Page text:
The FSG is aware of the way it is perceived publicly and has not been left without hesitation on the fact that the acceptance of state intervention was not a good idea for a company whose turnover ‘business was £ 533 million last year. The Champions League winners made a profit of £ 42 million.
Some of these employees who were originally on leave will now return to their posts – it is up to department heads to decide on the distribution of staff – but Moore has warned that Liverpool will face more turbulent times as long as he does not play football.
The initial decision canceled out all the good work that Jurgen Klopp’s team has produced this season
Moore said, “In the spirit of transparency, we need to be clear – despite the fact that we were healthy before this crisis – our income has been closed, but our spending remains. And like almost all sectors of society, there is great uncertainty and concern about our present and our future.
“Like any responsible employer who cares about its employees in the current situation, the Club continues to prepare for a series of different scenarios, around the time when football can become operational again as before the pandemic. These scenarios range from best to worst and everything in between.
“It is inevitable that many of these scenarios will involve a massive drop in income, with unprecedented operating losses as a result. The fact that these vital financial resources are so deeply affected would obviously affect our ability to function as we have done before.
“We are engaged in exploring all avenues within our reach to limit the inevitable damage.”
FULL LETTER FROM PETER MOORE
Dear Liverpool supporters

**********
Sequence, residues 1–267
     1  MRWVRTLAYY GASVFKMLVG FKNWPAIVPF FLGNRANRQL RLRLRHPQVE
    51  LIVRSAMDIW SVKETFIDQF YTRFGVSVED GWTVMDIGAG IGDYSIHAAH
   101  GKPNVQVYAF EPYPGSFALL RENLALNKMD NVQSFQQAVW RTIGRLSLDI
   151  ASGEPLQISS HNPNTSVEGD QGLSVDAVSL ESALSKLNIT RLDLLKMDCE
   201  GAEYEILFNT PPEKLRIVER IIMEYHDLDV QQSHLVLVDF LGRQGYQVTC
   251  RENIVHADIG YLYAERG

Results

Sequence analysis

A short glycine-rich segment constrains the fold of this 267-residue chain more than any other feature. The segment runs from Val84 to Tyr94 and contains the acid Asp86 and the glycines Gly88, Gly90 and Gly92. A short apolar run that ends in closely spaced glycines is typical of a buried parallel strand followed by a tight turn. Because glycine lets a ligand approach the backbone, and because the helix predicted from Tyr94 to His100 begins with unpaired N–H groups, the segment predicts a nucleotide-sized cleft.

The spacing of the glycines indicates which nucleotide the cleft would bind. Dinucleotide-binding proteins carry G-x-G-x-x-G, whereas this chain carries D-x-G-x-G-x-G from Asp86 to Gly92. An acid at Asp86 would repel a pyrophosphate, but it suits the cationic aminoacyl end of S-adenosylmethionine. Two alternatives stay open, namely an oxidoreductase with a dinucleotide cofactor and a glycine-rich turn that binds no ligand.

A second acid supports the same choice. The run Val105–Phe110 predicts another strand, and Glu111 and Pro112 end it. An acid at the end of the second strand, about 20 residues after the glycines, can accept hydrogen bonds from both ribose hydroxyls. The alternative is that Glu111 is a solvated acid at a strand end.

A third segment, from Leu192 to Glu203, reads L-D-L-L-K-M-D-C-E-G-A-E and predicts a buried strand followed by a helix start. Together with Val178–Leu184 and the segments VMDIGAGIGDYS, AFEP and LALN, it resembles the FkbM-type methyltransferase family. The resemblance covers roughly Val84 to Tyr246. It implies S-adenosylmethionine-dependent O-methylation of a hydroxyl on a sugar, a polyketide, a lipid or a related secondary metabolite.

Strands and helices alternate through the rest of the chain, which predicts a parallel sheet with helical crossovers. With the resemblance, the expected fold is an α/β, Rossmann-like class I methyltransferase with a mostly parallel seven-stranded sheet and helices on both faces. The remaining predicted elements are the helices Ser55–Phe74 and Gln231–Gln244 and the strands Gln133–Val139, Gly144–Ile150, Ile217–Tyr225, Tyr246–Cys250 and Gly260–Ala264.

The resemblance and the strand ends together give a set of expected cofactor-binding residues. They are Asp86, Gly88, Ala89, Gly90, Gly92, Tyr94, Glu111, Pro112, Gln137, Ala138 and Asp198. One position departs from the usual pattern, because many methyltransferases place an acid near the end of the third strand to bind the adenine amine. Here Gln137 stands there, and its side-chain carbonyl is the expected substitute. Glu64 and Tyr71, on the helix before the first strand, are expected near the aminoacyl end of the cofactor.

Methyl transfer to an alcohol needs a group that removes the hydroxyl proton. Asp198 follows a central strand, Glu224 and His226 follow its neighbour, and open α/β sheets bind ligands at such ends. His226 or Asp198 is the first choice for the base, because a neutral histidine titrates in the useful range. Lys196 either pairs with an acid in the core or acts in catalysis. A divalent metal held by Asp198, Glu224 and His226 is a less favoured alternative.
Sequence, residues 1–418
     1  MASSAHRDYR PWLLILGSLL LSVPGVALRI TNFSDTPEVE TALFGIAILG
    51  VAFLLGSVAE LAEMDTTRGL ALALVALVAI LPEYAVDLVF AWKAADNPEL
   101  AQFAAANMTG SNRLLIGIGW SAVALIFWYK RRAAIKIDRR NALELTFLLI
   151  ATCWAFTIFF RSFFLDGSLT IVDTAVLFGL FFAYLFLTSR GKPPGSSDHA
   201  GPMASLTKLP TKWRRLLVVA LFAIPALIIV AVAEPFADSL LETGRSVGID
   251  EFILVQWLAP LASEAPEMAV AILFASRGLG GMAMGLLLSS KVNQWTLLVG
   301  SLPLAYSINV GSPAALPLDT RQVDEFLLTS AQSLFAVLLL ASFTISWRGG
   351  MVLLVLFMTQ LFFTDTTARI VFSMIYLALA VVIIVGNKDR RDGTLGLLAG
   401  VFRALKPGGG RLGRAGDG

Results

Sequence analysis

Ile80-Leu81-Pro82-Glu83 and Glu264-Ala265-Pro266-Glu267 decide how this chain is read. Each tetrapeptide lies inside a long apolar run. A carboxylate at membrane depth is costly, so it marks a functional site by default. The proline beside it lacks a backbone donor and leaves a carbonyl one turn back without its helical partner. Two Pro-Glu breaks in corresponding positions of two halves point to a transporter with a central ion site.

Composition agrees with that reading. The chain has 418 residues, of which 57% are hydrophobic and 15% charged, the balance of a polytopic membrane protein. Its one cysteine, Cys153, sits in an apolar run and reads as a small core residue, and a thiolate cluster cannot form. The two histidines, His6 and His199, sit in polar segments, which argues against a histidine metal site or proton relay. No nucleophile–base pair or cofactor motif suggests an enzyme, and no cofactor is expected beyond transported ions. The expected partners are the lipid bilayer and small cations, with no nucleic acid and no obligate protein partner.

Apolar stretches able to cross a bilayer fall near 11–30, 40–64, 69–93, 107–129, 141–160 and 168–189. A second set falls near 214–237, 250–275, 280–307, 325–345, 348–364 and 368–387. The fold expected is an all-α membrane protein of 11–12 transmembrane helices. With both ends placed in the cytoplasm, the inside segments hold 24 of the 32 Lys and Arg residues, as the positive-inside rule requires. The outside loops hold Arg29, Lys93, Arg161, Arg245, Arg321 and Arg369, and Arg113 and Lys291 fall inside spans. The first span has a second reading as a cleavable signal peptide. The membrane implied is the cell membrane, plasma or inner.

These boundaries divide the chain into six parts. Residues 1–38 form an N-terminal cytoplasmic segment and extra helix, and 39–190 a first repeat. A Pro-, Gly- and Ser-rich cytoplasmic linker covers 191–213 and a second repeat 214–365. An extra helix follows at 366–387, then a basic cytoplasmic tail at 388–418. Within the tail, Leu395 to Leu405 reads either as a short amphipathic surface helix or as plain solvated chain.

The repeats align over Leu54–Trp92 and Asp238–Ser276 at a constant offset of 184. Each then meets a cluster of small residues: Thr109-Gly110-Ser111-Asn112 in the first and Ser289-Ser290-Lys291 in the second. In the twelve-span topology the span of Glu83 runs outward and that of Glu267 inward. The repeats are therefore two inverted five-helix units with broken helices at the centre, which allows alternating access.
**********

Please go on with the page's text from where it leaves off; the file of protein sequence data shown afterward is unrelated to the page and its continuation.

Above all, on behalf of our company, Fenway Sports Group, we would like to highlight the thoughts and concerns of everyone towards those suffering from the terrible COVID-19 pandemic and the families of those affected.
We would also like to recognize and pay tribute to the heroism of the incredible health service and key workers at the local, national and international levels. All other concerns must be placed in this context first.
Allowing for a perspective in these unprecedented and heartbreaking times, it is important to address an issue in which we, as an organization, have been involved since the weekend.
We consulted with a range of key stakeholders as part of a process to achieve the best possible outcome for all parties involved. A range of possible scenarios was considered, including, but not limited to: applying for the coronavirus job retention program which pays 80% of the salary and guarantees payment of 20%; make a request to the Coronavirus Job Retention Scheme with a guarantee of reimbursement of amounts received at a later date and, thirdly, find another way to cover our living expenses.